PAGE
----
I have always enjoyed solving puzzles, and I realized that if the principles of perceptual grouping are used by humans to perceive visual scenes, it should be possible to develop more efficient computer models by implementing these principles computationally. Therefore, I use these principles as the basis for developing image segmentation algorithms that can automatically identify and group similar visual elements in images.

3. What have you been doing since your PhD? 

After completing my PhD, I was excited to return to Nigeria and contribute to the development of my nation. Unfortunately, the COVID-19 pandemic presented unexpected challenges and made it difficult to pursue my research agenda as I had hoped. Currently, I am working in a teaching and scholarship role that limits my ability to commit fully to research. Nevertheless, I am determined to reinvigorate my research efforts and make meaningful contributions to the field.

To further extend my impact beyond academia, I have recently founded an NGO focused on promoting quality and accessible education within Katsina state and eventually nationwide. I believe that education is a powerful tool that can transform individuals and communities, and I am committed to making a positive difference in this area. Through my NGO, I hope to empower and inspire students by providing them with access to resources and opportunities that they might not otherwise have. Ultimately, my goal is to help create a brighter future for the next generation in Nigeria.

4. You said you were really keen for your results to be used to benefit the people back home when you were initially profiled, did that happen? How did that make you feel? 

Initially, I had hoped that my research would have a direct impact on the people back home in Nigeria. When people are visually impaired in developing countries, the impact extends beyond the patient to close and distant family members as they strive to support them. Unfortunately, the implementation has not yet happened despite some initial interest from the CMD of Kaduna Eye Centre. While this was disappointing, it has motivated me to explore other avenues for collaboration and impact. For instance, I had the honor of being invited to the Annual General Meeting of the Ophthalmological Society of Nigeria (OSN) 2018, where I connected with some specialists. However, the lack of funding hindered the progress of any follow-up plans with both opportunities. I believe that these things take time, and I am committed to reviving this initiative by reaching out to new and old connections. I hope that these efforts will eventually bear fruit and contribute to the betterment of the community.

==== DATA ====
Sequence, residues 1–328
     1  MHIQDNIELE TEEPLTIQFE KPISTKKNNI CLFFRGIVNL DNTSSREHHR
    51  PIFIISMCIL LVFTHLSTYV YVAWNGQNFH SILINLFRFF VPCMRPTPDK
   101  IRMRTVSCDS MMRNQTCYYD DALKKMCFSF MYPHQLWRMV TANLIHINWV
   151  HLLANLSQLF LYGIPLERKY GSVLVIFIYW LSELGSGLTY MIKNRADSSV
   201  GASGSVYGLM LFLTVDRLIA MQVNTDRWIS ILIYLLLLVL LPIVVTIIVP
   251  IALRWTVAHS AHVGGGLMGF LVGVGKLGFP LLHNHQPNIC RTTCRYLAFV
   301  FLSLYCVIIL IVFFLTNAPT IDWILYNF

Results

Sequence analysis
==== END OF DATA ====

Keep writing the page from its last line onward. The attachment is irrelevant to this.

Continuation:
5. What would you say to young people with a passion for IT & how they can get into your field? 

As a citizen of a developing country like Nigeria, it is essential to remain focused and reduce distractions that can derail our dreams. Despite the challenges that come with living in such an environment, it’s important to remember that there are emerging opportunities that our youth can take advantage of. By focusing on specific fields such as machine learning, artificial intelligence, data analytics, data science, and application development, among others, we can create a pathway toward success.

However, it’s not enough to focus solely on these fields. We must approach them with an entrepreneurial mindset that prioritizes funding and sustainability. My experiences have taught me this lesson the hard way, as I was too focused on research without considering the practicalities of funding and sustainability. We must learn to balance our passion for our fields of interest with the reality of creating a sustainable future for ourselves and our communities.